• Tue
  • Dec 23, 2014
  • Updated: 11:58am

Rating agency lifts the outlook for HK

PUBLISHED : Wednesday, 26 July, 2006, 12:00am
UPDATED : Wednesday, 26 July, 2006, 12:00am
 

Fitch upbeat but warns about external shocks


Fitch Ratings has raised the outlook from stable to positive for its AA- long-term foreign currency rating for Hong Kong, reflecting the city's improved fiscal health.


The international ratings agency said prospects for future revisions could be buoyed if the government showed it could further control its spending and maintain a budget surplus.


The long-term local currency rating is unchanged at AA+ with a stable outlook.


The change in foreign currency outlook follows similar moves by ratings agency Standard & Poor's and Moody's Investors Service.


The government welcomed the revision but called for a more favourable rating, given the soundness of its finances. Hong Kong's operating and consolidated accounts reported a surplus for 2005-06, the first since the handover.


But James McCormack, senior director of Fitch (Hong Kong) and head of Asia sovereign ratings, warned the economy still suffered from unstable revenue sources and was susceptible to external shocks and mainland political risks.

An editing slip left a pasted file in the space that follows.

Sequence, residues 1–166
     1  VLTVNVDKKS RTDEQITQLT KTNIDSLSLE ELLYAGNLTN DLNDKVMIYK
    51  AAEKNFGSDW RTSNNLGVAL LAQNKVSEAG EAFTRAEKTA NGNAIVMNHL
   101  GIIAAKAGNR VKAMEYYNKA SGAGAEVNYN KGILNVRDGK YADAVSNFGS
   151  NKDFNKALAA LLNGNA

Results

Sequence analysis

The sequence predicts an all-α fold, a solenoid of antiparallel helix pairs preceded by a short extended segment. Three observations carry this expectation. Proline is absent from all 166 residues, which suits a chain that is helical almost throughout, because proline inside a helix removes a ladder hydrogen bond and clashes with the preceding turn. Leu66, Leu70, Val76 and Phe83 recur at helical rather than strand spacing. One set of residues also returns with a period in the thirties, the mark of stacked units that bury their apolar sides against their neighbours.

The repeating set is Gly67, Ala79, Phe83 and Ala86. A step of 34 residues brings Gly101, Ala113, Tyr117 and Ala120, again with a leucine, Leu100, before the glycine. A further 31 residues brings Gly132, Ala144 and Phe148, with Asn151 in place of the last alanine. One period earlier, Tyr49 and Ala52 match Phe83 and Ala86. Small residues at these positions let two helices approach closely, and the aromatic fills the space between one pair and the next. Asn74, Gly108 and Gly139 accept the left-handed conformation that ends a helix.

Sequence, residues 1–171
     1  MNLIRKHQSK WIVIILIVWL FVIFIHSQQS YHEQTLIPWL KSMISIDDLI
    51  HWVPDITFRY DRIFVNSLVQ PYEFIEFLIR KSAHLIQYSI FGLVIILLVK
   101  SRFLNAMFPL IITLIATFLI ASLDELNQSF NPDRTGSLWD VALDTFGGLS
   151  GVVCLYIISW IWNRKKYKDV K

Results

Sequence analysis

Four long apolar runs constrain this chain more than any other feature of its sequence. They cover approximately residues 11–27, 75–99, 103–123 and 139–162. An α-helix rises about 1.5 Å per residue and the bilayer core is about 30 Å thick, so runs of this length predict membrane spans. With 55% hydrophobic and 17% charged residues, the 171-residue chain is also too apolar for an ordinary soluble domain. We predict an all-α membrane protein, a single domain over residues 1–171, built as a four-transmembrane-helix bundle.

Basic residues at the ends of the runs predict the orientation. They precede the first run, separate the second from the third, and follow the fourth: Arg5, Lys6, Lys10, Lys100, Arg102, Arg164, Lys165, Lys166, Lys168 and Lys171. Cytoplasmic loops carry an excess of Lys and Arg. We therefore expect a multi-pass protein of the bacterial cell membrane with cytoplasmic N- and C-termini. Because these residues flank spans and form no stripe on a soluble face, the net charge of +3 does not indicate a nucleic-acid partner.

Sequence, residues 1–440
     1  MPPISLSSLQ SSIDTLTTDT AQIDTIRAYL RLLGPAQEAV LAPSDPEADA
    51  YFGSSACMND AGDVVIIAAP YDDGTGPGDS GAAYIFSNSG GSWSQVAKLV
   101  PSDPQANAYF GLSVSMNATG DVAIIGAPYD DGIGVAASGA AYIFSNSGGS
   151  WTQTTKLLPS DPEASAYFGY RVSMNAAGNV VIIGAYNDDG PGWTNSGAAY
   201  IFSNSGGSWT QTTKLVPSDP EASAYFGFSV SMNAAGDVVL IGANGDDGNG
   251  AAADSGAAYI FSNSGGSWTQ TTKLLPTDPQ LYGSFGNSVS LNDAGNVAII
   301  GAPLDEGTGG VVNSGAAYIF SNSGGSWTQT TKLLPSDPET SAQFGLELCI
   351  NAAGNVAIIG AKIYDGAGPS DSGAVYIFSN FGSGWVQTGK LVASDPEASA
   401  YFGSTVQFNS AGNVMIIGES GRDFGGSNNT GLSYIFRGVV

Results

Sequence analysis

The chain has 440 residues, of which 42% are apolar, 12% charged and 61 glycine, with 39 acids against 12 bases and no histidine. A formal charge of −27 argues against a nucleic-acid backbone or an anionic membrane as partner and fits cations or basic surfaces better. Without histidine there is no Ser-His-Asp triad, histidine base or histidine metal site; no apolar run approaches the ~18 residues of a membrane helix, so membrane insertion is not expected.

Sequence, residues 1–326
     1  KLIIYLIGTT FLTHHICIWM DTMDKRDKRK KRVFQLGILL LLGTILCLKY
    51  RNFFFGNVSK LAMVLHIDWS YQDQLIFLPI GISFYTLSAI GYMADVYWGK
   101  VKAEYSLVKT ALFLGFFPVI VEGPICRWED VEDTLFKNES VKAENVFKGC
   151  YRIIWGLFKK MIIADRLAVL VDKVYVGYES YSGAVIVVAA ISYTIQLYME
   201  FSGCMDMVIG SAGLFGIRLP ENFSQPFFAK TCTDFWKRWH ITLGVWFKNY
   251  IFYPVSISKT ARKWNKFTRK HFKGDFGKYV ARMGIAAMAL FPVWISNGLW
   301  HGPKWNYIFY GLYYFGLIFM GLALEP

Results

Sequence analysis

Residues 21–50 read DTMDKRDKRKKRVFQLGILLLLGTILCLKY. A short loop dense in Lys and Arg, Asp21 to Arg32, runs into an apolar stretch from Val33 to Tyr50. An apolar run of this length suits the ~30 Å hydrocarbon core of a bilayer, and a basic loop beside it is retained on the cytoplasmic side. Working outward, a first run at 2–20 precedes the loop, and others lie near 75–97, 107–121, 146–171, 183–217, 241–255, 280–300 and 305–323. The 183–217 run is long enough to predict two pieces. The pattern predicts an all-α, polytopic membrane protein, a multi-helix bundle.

Financial Secretary Henry Tang Ying-yen said the government would continue to rein in public spending and examine how best to broaden the tax base.


Fitch supports the introduction of a goods and services tax as 'an important first step' towards stabilising revenues but does not see it being implemented before 2010. Mr Tang last week launched a nine-month public consultation into the controversial levy.


'We note the concerns expressed by Fitch for the potential risks related to the fact that Hong Kong is part of China. We hope that the solid track record in the strict adherence to the 'one country, two systems' principle will convince international credit rating agencies to accord us a higher rating that is in line with our economic fundamentals,' Mr Tang said.


Hong Kong's economic integration with the mainland made the city the obvious beneficiary of its double-digit economic growth, Mr McCormack said. But he warned that potential risks could still arise from Hong Kong's political ties to Beijing.


'Policy autonomy in Hong Kong must be maintained' regarding the economy, Mr McCormack said.


Fitch expects Hong Kong's economy to expand by 6.3 per cent this year and the fiscal surplus to be maintained at about 1 per cent of the gross domestic product in the medium term.


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